Congenital absence of the left pericardium with extreme intrathoracic displacement of the heart. Case report and review of the literature.
Gersbach P, Kaufmann U, Althaus U.
Department of Thoracic and Cardiovascular Surgery, University of Bern, Inselspital, Switzerland.
Large pericardial defects are exceptional and difficult to diagnose. A 62-year-old man underwent elective coronary surgery which was seriously complicated by the unexpected intrapleural position of the heart due to the absence of a large amount of pericar dium on the left. It appeared retrospectively that the patient had presented typical signs of the malformation and these are described in detail.
Herniation of the left atrial appendage due to partial congenital absence of the left pericardium.
Vanderheyden M, De Sutter J, Nellens P, D'Haenens P, Andries E.
Cardiovascular Center, O.L.V. Hospital Aalst, Belgium.
Partial congenital absence of the left pericardium is a rare abnormality which may provoke serious complications. We report the case of a young adult, suffering from chest pain due to incarceration of atrial tissue. Based on this case report the clinical, pathophysiological and diagnostic features of this condition are described
Pulmonary and systemic venous flow patterns assessed by transesophageal Doppler echocardiography in congenital absence of the pericardium.
Fukuda N, Oki T, Iuchi A, Tabata T, Manabe K, Kageji Y, Sasaki M, Yamada H, Ito S.
Second Department of Internal Medicine, School of Medicine, University of Tokushima, Japan.
In conclusion, alterations in venous return are more marked in the right side of the heart than in the left side of the heart in patients with complete absence of the left pericardium.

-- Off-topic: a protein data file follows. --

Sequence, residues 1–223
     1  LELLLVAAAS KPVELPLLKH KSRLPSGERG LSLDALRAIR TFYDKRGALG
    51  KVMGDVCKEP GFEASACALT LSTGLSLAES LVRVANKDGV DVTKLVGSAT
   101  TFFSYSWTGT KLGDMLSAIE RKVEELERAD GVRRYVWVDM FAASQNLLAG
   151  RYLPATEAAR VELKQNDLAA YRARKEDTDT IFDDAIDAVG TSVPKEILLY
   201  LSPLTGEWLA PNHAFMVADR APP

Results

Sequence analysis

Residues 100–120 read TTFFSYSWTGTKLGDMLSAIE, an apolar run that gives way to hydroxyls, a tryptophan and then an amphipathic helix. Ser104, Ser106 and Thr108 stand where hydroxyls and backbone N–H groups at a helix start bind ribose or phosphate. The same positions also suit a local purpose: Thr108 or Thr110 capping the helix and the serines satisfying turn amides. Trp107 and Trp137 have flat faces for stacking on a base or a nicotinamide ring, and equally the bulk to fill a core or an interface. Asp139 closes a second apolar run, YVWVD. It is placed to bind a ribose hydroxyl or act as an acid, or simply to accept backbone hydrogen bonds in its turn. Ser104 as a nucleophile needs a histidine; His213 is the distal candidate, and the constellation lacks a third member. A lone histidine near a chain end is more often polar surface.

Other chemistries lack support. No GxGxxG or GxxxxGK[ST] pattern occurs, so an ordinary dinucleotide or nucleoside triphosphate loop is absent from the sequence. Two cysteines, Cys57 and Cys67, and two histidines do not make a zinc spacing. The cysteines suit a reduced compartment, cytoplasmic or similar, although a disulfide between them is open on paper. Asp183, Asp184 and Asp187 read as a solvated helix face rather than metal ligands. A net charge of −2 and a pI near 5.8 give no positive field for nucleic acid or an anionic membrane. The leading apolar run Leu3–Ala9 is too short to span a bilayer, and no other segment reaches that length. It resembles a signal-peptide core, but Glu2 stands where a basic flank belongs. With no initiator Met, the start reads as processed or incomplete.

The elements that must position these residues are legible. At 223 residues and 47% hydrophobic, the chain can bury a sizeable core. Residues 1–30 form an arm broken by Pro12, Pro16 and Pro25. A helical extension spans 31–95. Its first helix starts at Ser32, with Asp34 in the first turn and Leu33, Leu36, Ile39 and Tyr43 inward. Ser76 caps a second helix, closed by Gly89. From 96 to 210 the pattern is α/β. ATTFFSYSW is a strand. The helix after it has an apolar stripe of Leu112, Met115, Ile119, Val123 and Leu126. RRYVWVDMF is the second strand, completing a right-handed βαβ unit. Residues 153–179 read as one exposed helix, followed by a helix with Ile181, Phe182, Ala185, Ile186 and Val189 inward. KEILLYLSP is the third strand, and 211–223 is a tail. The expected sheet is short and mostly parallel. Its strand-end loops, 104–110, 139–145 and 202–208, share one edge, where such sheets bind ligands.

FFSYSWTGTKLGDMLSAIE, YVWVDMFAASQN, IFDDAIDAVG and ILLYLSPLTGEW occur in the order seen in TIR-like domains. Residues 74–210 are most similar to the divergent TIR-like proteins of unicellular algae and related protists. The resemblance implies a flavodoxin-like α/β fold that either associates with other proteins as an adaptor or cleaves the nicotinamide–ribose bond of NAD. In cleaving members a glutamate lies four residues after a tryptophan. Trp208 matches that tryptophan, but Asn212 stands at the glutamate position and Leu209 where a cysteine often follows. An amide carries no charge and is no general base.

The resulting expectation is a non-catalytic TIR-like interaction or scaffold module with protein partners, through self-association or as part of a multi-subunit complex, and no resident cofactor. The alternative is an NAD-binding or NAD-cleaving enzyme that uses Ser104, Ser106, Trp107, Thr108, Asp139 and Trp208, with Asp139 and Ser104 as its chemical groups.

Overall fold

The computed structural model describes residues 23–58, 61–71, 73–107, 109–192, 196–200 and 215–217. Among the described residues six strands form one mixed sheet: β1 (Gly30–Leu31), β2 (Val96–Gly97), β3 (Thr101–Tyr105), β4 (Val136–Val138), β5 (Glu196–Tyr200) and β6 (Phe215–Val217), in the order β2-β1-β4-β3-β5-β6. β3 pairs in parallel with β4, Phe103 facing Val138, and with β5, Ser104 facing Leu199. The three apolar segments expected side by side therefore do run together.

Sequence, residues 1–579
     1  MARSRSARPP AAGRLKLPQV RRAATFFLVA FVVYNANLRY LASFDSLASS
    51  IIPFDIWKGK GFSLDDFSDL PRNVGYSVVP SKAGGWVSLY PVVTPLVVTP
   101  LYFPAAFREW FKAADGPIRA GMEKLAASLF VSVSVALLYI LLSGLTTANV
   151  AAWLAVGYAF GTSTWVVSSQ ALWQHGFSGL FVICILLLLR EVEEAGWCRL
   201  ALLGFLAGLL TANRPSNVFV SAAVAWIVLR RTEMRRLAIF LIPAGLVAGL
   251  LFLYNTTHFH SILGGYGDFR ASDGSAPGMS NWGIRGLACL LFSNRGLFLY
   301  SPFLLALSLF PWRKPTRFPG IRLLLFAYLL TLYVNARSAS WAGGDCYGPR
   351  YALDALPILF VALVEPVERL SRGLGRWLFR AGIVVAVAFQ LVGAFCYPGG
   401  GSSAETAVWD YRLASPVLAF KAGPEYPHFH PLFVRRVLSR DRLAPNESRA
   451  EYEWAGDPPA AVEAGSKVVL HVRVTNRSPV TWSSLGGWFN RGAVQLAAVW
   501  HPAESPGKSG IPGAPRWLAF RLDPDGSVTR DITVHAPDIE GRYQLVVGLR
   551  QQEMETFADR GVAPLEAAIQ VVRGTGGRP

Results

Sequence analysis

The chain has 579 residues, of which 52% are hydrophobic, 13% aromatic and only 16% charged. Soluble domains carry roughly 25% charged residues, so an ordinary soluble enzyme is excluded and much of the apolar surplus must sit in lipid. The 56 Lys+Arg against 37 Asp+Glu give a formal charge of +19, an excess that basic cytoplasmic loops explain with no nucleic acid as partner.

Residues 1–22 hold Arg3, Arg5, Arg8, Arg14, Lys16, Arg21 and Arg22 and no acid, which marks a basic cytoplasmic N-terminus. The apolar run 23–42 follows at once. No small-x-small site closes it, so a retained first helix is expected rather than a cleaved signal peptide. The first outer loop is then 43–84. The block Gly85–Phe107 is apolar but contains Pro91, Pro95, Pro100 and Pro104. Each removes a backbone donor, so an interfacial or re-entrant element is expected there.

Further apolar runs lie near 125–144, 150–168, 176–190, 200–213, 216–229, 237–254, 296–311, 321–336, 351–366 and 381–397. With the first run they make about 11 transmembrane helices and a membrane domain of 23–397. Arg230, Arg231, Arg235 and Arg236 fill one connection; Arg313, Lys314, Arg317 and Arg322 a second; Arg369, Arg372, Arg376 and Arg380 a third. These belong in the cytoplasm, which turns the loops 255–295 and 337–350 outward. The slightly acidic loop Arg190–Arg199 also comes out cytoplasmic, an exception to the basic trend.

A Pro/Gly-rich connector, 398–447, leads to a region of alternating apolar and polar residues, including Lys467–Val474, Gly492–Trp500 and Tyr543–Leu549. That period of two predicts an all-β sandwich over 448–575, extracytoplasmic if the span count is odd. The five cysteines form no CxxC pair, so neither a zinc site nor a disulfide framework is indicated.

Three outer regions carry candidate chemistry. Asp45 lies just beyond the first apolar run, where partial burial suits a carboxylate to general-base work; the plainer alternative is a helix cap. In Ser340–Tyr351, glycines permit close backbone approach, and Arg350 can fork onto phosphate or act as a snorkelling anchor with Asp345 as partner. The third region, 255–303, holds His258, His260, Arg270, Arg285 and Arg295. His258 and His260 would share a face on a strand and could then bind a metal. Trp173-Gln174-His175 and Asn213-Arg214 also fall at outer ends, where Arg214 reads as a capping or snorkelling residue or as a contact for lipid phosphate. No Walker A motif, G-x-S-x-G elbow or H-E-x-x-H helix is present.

Echocardiographic diagnosis of congenital absence of the pericardium in a patient with VATER association defects.
Lu C, Ridker PM.
Division of Cardiology, Brigham and Women's Hospital, Harvard Medical School, Boston, Massachusetts 02115.
The VATER association denotes a nonrandom pattern of congenital malformations which typically include vertebral defects, anal atresia, tracheo-esophageal fistula, and radial and renal dysplasia. Vascular anomalies including ventricular septal defect and s ingle umbilical artery have also been described, although the frequency of cardiovascular anomalies in this congenital association is unknown. In this report, we describe a 26-year-old patient with several VATER association defects who, in addition, was f ound to have congenital absence of the left pericardium and an aberrant right subclavian artery.
Agenesis of the left pericardium: report of a case
Ferrante A, Pedi C, Cusumano S, Malfitano D.
Servizio di Cardiologia, Ospedale Gravina, Caltagirone.
We report a case of left pericardial agenesia in a 44 year old woman. Clinical picture was not specific on clinical field: atypical chest pain, asthenia, syncope, cystolic murmur 1/6 Levine on the second left interspace were found. ECG showed clockwise de viation of axis in the precordial leads and incomplete right bundle branch block. Chest X-ray showed marked levocardia and dilatation of pulmonary trunk. Levocardia increased with the patient on the left side. Echocardiography (possible only with patient recumbent on his right side) was normal. Magnetic resonance imaging showed absence of the left pericardium. We analyse the diagnostic problems and the prognostic doubts of this rare congenital anomaly.
Congenital pulmonary venolobar syndrome revisited.
Woodring JH, Howard TA, Kanga JF.
Department of Diagnostic Radiology, University of Kentucky Medical Center, Lexington 40536-0084.